With the Taleban in virtual collapse and a political agreement signed among Afghanistan's opposition parties, peace for the coutnry may finally be in sight. Peace will be a welcome development for all Afghans, but in particular for the men who have been doing the fighting.
The face of Haji Sheeraz Khan is weather-beaten and war-weary from having seen much suffering and pain. For 23 years, the tribal leader and commander has been fighting, first against the Soviets, then against the Taleban.
But he is tired. He is ready for peace, both for his country and himself.
We want peace, says the veteran commander. We are waiting for peace, we are ready to do anything for peace.
There are thousands of Afghan veterans like Mr. Khan, men whose memories of a peaceful life must seem dim indeed.
The Soviet Union invaded Afghanistan in 1979. Peace was tantalizingly close in 1992, when the mujahedin finally ousted the communist government. But factional fighting shattered that fragile moment, and paved the way for the advent of Taleban rule four years later. Now a new agreement has been signed that Afghans hope will finally bring a semblance of stability to their land.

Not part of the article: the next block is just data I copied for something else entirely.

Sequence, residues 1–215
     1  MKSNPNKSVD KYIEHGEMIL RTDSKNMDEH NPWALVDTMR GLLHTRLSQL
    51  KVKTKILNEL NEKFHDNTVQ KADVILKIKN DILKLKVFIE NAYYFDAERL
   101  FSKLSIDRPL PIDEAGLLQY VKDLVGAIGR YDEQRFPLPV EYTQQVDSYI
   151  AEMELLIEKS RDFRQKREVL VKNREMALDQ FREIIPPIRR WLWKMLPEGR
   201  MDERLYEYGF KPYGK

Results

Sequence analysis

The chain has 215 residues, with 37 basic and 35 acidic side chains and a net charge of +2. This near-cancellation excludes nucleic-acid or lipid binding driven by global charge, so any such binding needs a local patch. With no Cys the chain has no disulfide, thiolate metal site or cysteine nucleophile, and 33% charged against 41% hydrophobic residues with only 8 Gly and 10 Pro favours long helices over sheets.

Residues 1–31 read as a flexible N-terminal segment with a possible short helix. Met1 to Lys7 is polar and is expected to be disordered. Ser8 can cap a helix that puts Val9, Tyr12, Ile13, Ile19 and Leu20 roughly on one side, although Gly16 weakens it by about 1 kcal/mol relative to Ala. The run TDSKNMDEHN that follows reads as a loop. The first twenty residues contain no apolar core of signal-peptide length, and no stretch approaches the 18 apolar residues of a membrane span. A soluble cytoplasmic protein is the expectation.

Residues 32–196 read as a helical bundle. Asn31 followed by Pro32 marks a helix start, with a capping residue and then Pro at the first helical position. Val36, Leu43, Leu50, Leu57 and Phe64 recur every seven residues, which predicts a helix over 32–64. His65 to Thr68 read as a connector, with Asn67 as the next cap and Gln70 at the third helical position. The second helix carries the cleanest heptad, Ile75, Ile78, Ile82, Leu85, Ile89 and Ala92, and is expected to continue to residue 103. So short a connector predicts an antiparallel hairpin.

If peace comes, he says, people will return to their old lives, Mr. Khan says. Farmers will cultivate the land, civil servants will again attend to the task of governing.
Mr. Khan is a tribal leader, the chief of the Shinwari tribe. He welcomes the interim administration that will be installed later this month and is glad there will be a traditional Loya Jirga, or grand tribal council, to choose a government.
"I am happy there will be a Loya Jirga in keeping with our Islamic tradition," he says, "and a government chosen by the elders and learned people to bring stability and harmony."
He sits on a rickety bed frame by a crumbling wall on the Afghan side of border with Pakistan at Torkham, surrounded by his troops over whom he exudes an easy authority. Under his shawl is a worn leather bandolier filled with bullets.
At Torkham, Mr. Khan has responsibility to keep the road between the border and the city of Jalalabad safe. And he also must exercise control over the thousands of Afghans who want to try to get into Pakistan but to whom Pakistan refuses entry.
The Taleban who were guarding the border disappeared when the Northern Alliance took Kabul and Jalalabad, with some heading back to their homes and others fleeing to the last mountain redoubt of Tora Bora.
The foreign fighters the Pakistanis, Arabs, and Chechens who are fighting with the Taleban have to leave Afghanistan, Mr. Khan says. Only then, he says, can his country's problems be solved.
In a farewell thought, he pleads for aid from the international community for his war-scarred, drought-stricken country. He then gets up, and bids his visitor goodbye, heading off down the road to what he hopes will be peace, and a long overdue rest.